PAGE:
The medieval monk who defied the Church and found the path to true scientific understanding
Back in thirteenth-century Europe, in the early years of the great universities, learning was spiced with the danger of mob violence and a terrifyingly repressive religious censorship. Roger Bacon, a humble and devout English friar, seems an unlikely figure to challenge the orthodoxy of his day - yet he risked his life to establish the basis for true knowledge.
Born c.1220, Bacon was passionately interested in the natural world and how things worked. Such dangerous topics were vetoed by his Order, and it was only when a new Pope proved sympathetic that he began compiling his encyclopaedia on everything from optics to alchemy - the synopsis took a year and ran to 800,000 words and he was never to complete the work itself. Sadly, the enlightened Pope died, and Bacon was tried as a magician and incarcerated for ten years.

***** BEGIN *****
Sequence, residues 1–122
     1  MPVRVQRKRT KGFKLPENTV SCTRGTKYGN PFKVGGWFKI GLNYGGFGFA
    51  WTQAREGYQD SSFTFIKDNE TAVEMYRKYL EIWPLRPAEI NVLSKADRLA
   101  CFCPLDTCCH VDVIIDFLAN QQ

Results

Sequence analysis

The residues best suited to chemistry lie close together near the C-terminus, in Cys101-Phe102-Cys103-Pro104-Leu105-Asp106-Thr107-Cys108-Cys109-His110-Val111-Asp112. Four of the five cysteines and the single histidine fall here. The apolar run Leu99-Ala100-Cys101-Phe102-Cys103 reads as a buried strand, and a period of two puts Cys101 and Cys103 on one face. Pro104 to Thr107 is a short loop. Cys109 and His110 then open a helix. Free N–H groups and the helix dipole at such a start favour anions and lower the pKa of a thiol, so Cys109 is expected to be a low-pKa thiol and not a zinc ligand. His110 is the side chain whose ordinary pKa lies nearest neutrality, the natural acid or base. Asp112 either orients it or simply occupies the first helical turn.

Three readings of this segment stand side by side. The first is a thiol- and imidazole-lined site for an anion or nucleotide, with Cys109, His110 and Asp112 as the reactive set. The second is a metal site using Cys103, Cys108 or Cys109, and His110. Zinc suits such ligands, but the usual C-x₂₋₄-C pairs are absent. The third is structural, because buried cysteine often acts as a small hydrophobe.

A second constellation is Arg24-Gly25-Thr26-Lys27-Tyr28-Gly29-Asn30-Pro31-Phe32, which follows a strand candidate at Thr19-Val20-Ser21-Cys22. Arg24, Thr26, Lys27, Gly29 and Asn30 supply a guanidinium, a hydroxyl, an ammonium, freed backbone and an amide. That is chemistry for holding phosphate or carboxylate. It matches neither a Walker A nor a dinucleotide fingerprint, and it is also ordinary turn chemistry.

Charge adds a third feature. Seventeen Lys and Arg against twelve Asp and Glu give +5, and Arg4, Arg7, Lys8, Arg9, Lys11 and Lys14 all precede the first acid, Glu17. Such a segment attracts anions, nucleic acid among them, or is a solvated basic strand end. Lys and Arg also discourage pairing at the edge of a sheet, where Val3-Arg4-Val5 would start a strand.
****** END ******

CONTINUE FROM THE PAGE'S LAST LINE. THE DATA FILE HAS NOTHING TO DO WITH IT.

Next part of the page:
Legend transformed Bacon into a sorcerer, 'Doctor Mirabilis', yet he taught that all magic was based on fraud, and his books were the first flowering of the scientific thinking that would transform our world. He advanced the understanding of optics, made geographical breakthroughs later used by Columbus, predicted everything from horseless carriages to the telescope, and stressed the importance of mathematics to science, a significance ignored for 400 years. His biggest contribution was to insist that a study of the natural world by observation and exact measurement was the surest foundation for truth.
Clegg uncovers the realities of life in a medieval university and friary, setting out the shadowy facts of Bacon's life alongside his writings. The result is both a fascinating biography and a picture of the age.